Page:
Bridgewater Retreat’s now pristine property and crystal clear mineral filled river was once a junk filled ravine that had served as the village dump for years, yet today we sit on an actual gold mine or two.
The land was first settled in 1859 in the Ontario gold rush. Bridgewater Retreat was well known and operated as the Schneider School of Fine Arts from 1963 - 1992. The property was just bush when Mary & Roman Schneider purchased it in 1962 from the Price family. They scoured the Hastings county not only for the wide variety of outdoor landscape and scenery found on this property (for the many students and artists it attracted over the years of operation), but also for their facilities, to ensure they blended well with surroundings. Two historical hand-hewn log homes were purchased and dismantled on the originated properties and brought over to this property for re-assembly.
One of these heritage log homes, built in 1855, belonged to the first Rashotte family in Tweed’s French Settlement. This was a double storey log cabin with an attached single story addition to the main floor. When the logs were brought over for assembly, the Schneiders had the single storey separated from the double storey into two separate locations/buildings on the grounds.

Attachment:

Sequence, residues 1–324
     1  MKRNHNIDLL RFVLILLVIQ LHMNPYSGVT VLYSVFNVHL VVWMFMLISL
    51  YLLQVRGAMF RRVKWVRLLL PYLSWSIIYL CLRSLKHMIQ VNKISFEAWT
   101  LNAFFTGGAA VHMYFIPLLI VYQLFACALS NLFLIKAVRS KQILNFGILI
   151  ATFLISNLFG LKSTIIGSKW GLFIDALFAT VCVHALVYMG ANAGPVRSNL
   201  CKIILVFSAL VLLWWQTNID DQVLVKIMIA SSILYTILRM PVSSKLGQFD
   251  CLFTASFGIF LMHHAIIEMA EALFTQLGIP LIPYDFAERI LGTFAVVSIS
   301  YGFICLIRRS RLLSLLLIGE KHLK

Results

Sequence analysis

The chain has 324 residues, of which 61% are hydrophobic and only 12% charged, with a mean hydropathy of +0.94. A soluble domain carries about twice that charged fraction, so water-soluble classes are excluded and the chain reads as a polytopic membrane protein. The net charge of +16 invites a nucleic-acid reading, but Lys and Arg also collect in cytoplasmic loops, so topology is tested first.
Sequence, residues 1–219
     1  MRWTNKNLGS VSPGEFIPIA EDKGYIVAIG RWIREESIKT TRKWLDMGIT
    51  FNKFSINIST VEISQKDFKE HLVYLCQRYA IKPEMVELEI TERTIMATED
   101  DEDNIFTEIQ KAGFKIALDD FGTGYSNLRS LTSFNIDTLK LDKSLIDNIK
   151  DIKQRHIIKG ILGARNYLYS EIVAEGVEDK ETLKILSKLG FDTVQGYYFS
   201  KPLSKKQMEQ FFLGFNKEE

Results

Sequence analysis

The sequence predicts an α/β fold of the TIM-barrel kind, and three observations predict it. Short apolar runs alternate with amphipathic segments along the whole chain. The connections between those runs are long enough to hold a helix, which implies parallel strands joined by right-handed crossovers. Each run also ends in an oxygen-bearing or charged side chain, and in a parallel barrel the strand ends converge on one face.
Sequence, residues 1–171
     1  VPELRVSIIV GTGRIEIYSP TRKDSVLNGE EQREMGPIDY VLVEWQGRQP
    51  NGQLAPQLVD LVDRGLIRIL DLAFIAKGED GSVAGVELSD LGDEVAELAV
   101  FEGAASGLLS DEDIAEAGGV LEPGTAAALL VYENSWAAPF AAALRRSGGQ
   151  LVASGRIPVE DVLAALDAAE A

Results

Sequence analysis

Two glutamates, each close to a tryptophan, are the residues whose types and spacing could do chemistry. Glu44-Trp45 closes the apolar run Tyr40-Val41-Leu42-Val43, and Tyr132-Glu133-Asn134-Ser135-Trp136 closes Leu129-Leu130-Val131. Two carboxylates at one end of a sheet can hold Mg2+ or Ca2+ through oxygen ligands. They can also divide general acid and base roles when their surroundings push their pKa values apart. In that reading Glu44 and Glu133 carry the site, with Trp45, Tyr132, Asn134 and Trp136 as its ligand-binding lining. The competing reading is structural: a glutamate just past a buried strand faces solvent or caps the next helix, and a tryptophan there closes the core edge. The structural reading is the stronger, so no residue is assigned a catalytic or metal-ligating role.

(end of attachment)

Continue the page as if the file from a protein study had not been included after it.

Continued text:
The double storey is now the Riverfront Log Home, where the Schneiders had built a new addition attached to the main floor to use as their arts studio. The Rashotte’s single storey got attached to another single storey hand hewn log home, built in the 1820’s that the Schneiders had acquired from Queensborough, which is now the Lodge Log Cabin.
The cabins, all made of B.C.’s cedar wood, were purchased as kits at the Tweed fair and also brought on site for assembly.
It has been a privilege to learn about and now build our own chapter to this unique history. It is our pleasure to share this historical experience here at Bridgewater Retreat and join us in making memories and becoming a part of the history too!